The creative and emotional high point of his career came with Hurricane Katrina in August 2005. Katrina was a desperate call home for Golden, a melancholy homecoming to the city where his career began in the mid-1950s. Golden, his wife Stella, daughter Lucille and brother, Neal, rode out the storm in their home near Folsom, Louisiana, in the rural countryside about fifty miles north of New Orleans. His emotionally dark paintings made in response to the storm are composites and impressions of actual scenes in the most devastated parts of New Orleans. Because the destruction was so vast, so complete, and so profound, these compressed composites were his way to capture the enormity of the devastation in the limited space of a canvas. Essentially, these images reveal not only what Golden saw when he surveyed the aftermath of flooding and wind damage, but also what he felt. Golden’s Katrina series represents everyone lost or living, every destroyed house and neighborhood, every sorrow, every hope.
While painting the series, entitled Katrina: Days of Terror, Months of Anguish, Golden relived much of the same anger and despair that drove him in the 1970s to paint the destruction of entire city blocks of historic architecture in the New to make way for parking lots and new high-rises. “Emotion is easier to capture in difficult times than in good times,” he said. “It’s like being a masochist and hurting yourself everyday. We express our deepest souls during times like these. This series was very, very different and more depressing than the Civil War or demolitions series. It was much more personal and I’m in there by myself, living in this depression.”
Ironically, Katrina reawakened Golden’s love for New Orleans. “I was tired of the making-a-living aspect of being an artist,” Golden said. “I was ready to retire. It’s a constant struggle, but this inspired me and rekindled my passion for the city. I had lost much of that when I got involved in painting rural scenes, the East Coast and France. What a shame it took such a terrible event to rekindle that passion. It’s the crowning work of my career.” Shortly after the storm, Golden and his wife, Stella, moved to Natchez, Mississippi, but kept their home in Folsom.
After completing the last of the Katrina paintings in 2008, Golden almost immediately began a series of paintings of the Mississippi River above and below Natchez. “I just needed to do it,” he said of the project titled River and Reverie. “It has been uplifting for me and I’ve been inspired by the river and the colors. North of Natchez, I found places on the river, and I found wonderful views from the old Natchez cemetery that overlooks the river from high on a bluff. I found views in Vicksburg and in Greenville [Mississippi] at flood time. I enjoyed being on the road again.” Golden also included views of the New Orleans riverfront painted from photographs he had taken on the Algiers ferry in the 1960s. “I have always had an attachment to the Mississippi River,” Golden said. “In the 1930s and ’40s, I grew up in various parts of Mississippi and often visited my grandmother, who lived near the river in New Orleans. We would sit on her front steps and listen to the ships’ horns just five blocks away. Later, as an artist, my wife, children and I lived in the French Quarter, never more than four or five blocks from the river.”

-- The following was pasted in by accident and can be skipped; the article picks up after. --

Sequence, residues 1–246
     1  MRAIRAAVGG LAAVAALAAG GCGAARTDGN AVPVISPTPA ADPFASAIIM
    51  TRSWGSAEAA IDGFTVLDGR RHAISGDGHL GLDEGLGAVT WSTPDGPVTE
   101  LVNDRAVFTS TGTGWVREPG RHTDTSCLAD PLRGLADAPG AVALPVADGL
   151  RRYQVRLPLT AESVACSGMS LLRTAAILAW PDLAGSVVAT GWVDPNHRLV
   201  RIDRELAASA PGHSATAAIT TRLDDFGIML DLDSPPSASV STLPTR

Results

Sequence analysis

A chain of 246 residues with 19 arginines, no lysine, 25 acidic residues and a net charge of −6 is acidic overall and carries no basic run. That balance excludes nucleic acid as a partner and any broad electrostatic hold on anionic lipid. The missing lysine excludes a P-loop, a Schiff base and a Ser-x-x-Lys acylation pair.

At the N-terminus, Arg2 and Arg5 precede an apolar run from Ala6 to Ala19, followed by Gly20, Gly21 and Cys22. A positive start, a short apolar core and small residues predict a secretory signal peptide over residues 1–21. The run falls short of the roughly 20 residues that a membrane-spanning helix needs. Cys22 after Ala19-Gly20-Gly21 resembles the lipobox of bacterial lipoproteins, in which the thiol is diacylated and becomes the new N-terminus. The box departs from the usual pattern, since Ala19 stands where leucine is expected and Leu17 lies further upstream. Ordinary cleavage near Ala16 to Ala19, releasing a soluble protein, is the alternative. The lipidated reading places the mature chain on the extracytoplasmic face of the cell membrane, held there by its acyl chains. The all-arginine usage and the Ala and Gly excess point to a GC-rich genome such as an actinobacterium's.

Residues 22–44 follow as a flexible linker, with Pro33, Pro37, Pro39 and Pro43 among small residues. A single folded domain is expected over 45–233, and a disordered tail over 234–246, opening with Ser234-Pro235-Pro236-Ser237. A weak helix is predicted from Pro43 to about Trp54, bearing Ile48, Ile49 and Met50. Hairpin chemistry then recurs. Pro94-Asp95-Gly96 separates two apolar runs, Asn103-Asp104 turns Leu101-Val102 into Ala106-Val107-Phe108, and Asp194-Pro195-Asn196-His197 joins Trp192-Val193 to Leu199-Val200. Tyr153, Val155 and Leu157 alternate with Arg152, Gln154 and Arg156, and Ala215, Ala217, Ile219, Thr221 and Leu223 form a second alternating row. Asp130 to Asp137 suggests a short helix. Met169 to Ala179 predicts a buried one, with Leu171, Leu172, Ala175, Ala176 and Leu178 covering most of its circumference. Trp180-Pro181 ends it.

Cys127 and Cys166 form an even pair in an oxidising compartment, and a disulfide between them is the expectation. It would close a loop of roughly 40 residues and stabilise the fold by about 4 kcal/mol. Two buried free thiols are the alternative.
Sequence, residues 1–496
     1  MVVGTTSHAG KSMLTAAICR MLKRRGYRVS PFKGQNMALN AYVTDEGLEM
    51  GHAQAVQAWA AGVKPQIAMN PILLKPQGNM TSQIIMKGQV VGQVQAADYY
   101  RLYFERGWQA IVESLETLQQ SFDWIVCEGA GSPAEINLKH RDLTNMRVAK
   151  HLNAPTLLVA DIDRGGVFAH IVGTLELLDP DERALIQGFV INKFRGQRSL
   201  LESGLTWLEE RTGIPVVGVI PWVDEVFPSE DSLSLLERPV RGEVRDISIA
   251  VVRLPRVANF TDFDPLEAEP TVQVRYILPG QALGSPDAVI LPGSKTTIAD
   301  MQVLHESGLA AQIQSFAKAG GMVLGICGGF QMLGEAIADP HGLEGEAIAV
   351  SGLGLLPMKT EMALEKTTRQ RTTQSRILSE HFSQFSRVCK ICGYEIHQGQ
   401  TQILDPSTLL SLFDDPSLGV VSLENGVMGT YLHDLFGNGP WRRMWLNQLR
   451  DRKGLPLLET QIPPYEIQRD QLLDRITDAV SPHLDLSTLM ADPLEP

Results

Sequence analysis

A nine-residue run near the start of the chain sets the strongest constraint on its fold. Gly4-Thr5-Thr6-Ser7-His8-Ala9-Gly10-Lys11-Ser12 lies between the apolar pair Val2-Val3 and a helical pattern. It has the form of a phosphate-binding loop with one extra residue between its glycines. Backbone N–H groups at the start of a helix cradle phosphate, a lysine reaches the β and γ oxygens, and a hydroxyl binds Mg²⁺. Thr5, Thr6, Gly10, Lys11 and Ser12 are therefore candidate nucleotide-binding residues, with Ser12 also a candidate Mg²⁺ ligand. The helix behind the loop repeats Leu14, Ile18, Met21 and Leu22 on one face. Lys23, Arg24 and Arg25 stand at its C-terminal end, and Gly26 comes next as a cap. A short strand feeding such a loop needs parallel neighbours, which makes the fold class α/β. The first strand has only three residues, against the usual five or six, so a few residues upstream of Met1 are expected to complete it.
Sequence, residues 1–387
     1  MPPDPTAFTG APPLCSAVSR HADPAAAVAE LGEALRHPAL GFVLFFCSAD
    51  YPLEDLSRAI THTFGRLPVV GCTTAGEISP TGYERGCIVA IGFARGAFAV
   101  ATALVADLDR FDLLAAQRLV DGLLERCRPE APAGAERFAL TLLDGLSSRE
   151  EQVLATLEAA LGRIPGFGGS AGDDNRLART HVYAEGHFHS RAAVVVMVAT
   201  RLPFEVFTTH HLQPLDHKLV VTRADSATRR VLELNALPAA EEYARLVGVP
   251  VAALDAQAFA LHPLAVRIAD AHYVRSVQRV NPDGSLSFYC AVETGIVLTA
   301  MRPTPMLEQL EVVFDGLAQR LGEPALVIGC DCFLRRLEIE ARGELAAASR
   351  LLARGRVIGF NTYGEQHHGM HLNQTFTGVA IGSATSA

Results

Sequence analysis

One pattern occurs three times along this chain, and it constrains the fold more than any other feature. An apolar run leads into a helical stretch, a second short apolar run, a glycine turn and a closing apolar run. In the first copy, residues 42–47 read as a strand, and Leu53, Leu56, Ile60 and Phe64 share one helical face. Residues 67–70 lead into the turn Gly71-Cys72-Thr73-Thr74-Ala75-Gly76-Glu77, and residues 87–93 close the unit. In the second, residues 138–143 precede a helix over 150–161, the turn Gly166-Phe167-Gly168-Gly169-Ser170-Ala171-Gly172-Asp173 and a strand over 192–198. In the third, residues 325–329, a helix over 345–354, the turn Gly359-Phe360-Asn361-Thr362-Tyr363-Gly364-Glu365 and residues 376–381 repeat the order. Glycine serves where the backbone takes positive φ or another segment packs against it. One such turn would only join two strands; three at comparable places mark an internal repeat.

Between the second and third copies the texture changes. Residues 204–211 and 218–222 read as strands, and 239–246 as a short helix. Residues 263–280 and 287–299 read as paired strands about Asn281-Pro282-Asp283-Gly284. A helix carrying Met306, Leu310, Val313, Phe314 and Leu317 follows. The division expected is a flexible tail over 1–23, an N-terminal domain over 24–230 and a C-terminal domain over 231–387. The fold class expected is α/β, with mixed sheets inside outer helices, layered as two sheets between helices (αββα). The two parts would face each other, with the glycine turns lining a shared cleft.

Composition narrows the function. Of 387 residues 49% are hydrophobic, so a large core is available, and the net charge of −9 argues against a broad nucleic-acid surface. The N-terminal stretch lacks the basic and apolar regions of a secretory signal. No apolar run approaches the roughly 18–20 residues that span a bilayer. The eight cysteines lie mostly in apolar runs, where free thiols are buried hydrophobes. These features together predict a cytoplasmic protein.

During his long career, Golden, who studied in New Orleans under the famed regionalist painter and teacher John McCrady, has received many awards and honors. In 2011, he received the Mississippi Institute of Arts and Letters’ Visual Arts Award. He has placed first in competitions sponsored by The National Arts Club in New York three times. Other honors have been bestowed by the National Watercolor Society, Watercolor U.S.A. Honor Society, Allied Artists of America, American Watercolor Society, Audubon Artists, and Rocky Mountain Watermedia. His paintings can be found in the Pushkin Museum of Art in Moscow; the New Orleans Museum of Art; the Mississippi Museum of Art in Jackson; The Historic New Orleans Collection; The National Arts Club in New York City; and the Springfield Museum of Art in Springfield, Missouri. His paintings also have traveled in one-artist shows in the Soviet Union to Moscow, Leningrad, Kiev, and Odessa; along with the French cities of Marseilles, Toulouse, Agen, and Villeneuve-sur-Lot.